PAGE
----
How can science policy serve society? From 16 to 20 February, scientists, policymakers, and members of the public gathered in Boston for the annual meeting of the American Association for the Advancement of Science (AAAS).

People and iPad

As part of our ongoing policy project on machine learning, the Society supported three sessions exploring the societal impact of artificial intelligence (AI), the significance of interpretability in machine learning, and tools for communicating research in AI, machine learning, and robotics. This post gives a flavour of what our panellists discussed in these sessions.

Advances in machine learning

While machine learning systems have been around in various forms for at least several decades, the field of machine learning and AI is particularly exciting at the moment. Better algorithms, access to more data, and more powerful computers, mean that there have been rapid advances in the capabilities of these technologies in recent years, and machine learning systems are now able to perform at a much higher level than in the past.

This increased performance is opening the door to a growing range of machine learning applications. For example, computer vision techniques that are currently being used to recognise faces on social media are being developed to diagnose cancer more accurately, and problem-solving abilities that helped a computer beat the world champion at Go have been used to help save energy in data centres.

David Parkes, Harvard, told our AI, People, and Society session that Stanford’s AI100 study has identified a range of applications for AI in transport, healthcare, education, and entertainment. This diversity of applications was on show across AAAS, with delegates discussing the use of machine learning in policing, predicting disease outbreaks, and diagnosing illnesses.

Machine learning, AI, and society

As machine learning finds uses in a greater range of fields, it raises new questions about its place in society, and how we want to make use of this technology. Our sessions explored some of these questions, including who benefits from machine learning, and how we can work with ‘black box’ systems.

Machine learning and AI promise significant economic benefits. However, as Erik Brynjolfsson, MIT, explained, while progress in AI might grow the “economic pie”, there are open questions about who will benefit from this growth, especially if productivity increases and wage growth are ‘decoupled’. Erik’s talk on AI and employment set out how policy responses to the use of AI can shape who benefits from this technology, with implications for both the economy and society.

A key benefit of machine learning is its ability to analyse vast amounts of data; these systems could generate insights or identify patterns from so-called ‘big data’ that we could not previously have studied. Hanna Wallach, Microsoft Research, set out some of the ethical challenges she deals with when carrying out research in computational social science. For example, machine learning systems may reinforce existing biases in datasets, or create outputs whose errors disproportionately affect certain groups.  In this context, understanding what the system is doing and why is key.

Rich Caruana, Microsoft Research, used an example from his analysis of hospital admissions to demonstrate why it’s important to be able to interpret what a machine learning system is doing. When creating a model to predict the risk of patients developing complications from pneumonia, Rich found a surprising result: a history of asthma reduces a patient’s risk of dying from pneumonia.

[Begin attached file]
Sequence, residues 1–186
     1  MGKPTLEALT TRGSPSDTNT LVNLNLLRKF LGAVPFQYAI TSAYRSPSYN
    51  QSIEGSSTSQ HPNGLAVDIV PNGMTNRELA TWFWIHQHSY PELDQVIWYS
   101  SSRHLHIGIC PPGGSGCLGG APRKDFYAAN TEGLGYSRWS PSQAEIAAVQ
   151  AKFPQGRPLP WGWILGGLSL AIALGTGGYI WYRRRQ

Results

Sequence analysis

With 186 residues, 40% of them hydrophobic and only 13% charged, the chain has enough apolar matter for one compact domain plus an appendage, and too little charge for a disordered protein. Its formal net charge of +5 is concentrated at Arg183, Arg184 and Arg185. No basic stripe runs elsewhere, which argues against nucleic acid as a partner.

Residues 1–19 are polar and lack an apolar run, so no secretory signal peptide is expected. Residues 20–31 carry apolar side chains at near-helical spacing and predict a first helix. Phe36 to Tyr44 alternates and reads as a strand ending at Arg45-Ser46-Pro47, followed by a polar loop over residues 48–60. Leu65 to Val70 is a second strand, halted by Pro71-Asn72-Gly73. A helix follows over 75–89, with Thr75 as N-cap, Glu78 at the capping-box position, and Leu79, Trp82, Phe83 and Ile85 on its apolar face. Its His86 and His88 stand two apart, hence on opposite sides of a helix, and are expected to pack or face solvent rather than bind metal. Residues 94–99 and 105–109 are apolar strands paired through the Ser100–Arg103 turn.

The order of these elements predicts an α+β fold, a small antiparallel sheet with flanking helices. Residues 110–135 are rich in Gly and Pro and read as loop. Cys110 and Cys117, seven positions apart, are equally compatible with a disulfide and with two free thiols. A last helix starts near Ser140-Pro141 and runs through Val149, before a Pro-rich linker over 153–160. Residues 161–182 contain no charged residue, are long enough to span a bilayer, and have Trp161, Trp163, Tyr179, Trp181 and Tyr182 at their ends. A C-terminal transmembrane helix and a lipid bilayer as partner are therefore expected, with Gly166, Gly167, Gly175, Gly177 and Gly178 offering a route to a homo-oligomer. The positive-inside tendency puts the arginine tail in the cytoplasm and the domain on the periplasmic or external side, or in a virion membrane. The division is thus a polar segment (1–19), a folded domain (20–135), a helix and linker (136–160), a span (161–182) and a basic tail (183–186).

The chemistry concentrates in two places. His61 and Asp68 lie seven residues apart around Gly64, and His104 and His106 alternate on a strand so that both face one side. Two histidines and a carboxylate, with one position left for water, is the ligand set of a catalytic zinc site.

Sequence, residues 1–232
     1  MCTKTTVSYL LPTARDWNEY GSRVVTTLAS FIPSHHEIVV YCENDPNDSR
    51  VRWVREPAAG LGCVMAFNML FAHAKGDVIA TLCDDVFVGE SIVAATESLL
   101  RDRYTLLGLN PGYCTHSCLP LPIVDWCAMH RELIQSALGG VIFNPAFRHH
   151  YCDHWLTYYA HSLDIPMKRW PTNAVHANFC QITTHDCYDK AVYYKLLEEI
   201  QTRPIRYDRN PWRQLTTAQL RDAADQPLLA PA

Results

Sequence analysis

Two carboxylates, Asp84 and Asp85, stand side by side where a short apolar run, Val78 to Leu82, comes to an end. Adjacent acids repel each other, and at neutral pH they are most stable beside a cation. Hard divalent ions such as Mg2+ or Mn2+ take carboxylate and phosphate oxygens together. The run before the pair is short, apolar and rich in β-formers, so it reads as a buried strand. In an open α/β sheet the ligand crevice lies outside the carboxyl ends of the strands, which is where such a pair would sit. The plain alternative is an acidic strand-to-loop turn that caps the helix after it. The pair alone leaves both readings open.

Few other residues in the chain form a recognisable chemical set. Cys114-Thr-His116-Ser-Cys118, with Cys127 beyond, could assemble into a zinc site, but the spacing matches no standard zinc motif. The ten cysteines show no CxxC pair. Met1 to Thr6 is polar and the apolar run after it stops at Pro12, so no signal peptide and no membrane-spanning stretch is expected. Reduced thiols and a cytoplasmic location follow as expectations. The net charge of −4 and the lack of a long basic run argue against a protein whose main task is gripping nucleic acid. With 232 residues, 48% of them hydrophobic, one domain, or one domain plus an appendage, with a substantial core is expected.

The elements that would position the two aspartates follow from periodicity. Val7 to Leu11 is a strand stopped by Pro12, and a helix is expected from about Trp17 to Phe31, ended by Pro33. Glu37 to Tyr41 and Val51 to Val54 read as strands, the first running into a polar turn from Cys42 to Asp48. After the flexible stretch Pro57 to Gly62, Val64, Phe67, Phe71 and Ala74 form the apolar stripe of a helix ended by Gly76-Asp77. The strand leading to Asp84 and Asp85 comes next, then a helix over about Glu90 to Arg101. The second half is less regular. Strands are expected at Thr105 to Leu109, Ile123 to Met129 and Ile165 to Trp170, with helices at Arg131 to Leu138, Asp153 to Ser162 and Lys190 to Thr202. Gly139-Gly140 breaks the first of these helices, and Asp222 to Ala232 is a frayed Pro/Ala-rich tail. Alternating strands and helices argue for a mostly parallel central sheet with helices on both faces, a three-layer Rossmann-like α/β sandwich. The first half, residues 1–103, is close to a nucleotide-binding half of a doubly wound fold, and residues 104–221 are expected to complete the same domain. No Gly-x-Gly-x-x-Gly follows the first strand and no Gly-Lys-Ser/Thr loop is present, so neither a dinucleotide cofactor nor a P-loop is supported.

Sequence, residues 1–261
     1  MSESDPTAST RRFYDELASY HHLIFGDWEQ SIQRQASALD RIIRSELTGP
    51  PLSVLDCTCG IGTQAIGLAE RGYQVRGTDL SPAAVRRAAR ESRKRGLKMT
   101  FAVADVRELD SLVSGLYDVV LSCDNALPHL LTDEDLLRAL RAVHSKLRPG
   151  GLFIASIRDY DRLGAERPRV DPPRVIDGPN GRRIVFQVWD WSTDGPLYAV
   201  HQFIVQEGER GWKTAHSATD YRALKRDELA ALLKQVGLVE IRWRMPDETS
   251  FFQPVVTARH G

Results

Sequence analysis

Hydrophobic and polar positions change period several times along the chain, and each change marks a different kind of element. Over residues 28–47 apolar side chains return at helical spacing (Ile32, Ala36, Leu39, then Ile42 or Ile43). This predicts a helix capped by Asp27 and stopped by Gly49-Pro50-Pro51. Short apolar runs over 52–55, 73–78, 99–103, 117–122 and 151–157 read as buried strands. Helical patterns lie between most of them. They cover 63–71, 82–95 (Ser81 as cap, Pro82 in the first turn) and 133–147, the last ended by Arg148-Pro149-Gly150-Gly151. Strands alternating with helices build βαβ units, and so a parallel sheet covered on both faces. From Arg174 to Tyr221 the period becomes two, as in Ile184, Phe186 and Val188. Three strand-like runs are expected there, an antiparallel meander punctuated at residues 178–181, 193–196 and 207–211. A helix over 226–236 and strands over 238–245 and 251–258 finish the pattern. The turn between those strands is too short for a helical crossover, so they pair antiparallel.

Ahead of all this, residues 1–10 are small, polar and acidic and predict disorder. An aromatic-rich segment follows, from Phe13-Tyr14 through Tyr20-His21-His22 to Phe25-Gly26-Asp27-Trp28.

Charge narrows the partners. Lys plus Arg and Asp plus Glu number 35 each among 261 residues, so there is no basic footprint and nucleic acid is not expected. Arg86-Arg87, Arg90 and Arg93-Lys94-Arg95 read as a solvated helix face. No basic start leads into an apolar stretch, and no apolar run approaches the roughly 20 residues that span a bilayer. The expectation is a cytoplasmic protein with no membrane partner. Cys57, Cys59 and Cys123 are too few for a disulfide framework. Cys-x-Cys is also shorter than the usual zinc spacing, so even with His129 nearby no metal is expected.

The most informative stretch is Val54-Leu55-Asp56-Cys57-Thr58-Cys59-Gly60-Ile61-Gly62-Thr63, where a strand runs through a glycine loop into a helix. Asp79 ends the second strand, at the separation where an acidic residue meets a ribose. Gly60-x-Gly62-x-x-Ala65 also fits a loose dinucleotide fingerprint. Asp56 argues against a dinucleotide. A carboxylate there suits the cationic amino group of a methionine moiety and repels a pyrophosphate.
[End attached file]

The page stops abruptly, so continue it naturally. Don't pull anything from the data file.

Further interrogation showed this seemingly anomalous result came about because doctors tended to admit pneumonia patients with a history of asthma to hospital immediately, meaning they had rapid access to care. Simply assuming these patients were at lower risk on the basis of the model’s outputs would have led to poorer outcomes for this group. Understanding what a model has learned – and why – can therefore be key to making informed decisions about its suitability; Rich didn’t deploy his neural network in this situation, but instead developed a rule-based system that was more interpretable.

And as Anders Sandberg, Future of Humanity Institute, explained, we are usually interested in why a system has done something, not simply what happened; this requires machine learning systems to be able to produce explanations that are concrete, causal, and consistent. Creating such systems is an exciting area of research.

The importance of public engagement

Across these discussions, we heard about the importance of public dialogue about machine learning, and our participants showed the role scientists have to play in this dialogue. In Beyond the hype: tools to demystify robotics and AI, Sabine Hauert explained why it is important for researchers working in robotics and AI to be active in communicating their research to the public. Engaging in this way can both help demystify – or de-hype – these areas of work, while also increasing the impact of individual projects.

Public dialogue has been a key part of the Royal Society’s machine learning project. We’ve been holding public events – including our forthcoming events with the British Academy – as well as holding a public dialogue exercise on machine learning. You will be able to read more about this work in the project report, which will be published in Spring 2017.

For more information about the Royal Society’s work at AAAS, check out our Storify of the event. And for further information about the Royal Society’s policy work on machine learning, check out our Machine Learning webpage.


  • Jessica Montgomery

    Jessica Montgomery